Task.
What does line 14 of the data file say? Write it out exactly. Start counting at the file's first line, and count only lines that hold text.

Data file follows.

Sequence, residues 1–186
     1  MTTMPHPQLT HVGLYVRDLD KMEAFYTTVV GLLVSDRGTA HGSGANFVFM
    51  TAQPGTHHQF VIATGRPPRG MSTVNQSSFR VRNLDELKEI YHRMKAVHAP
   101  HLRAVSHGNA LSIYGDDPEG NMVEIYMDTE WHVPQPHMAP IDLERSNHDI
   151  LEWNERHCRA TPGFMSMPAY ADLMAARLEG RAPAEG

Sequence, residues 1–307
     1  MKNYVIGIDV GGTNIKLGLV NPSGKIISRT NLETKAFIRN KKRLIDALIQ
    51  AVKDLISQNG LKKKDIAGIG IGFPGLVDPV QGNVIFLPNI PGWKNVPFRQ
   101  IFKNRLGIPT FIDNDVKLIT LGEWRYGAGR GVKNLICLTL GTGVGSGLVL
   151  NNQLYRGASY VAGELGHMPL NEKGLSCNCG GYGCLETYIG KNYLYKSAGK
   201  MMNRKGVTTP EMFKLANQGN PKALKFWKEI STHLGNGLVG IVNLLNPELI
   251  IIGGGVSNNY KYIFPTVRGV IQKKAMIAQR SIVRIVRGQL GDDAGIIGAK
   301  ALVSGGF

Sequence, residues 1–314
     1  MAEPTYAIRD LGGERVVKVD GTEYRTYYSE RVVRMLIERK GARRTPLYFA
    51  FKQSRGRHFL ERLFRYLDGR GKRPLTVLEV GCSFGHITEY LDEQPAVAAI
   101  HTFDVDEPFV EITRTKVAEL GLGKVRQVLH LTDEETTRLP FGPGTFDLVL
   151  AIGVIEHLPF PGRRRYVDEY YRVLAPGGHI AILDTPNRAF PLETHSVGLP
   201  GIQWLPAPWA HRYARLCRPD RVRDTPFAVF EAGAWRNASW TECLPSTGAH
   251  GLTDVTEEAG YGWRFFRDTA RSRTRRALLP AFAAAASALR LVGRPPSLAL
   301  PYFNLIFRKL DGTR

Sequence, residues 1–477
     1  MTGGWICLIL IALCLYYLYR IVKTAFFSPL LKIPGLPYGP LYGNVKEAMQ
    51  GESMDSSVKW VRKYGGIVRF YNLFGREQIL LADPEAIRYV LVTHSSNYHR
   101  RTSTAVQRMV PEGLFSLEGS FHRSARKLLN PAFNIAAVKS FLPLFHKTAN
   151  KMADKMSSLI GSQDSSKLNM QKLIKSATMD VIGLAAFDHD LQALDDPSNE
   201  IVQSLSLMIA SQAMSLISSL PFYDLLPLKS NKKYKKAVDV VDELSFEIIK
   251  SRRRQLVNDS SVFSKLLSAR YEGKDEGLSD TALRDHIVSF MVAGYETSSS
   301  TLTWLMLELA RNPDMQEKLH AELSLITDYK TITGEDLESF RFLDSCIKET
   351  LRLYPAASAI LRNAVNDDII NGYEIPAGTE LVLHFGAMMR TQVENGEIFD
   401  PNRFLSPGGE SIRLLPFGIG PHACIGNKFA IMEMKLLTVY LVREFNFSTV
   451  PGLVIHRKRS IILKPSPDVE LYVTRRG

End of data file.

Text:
Sequence, residues 1–314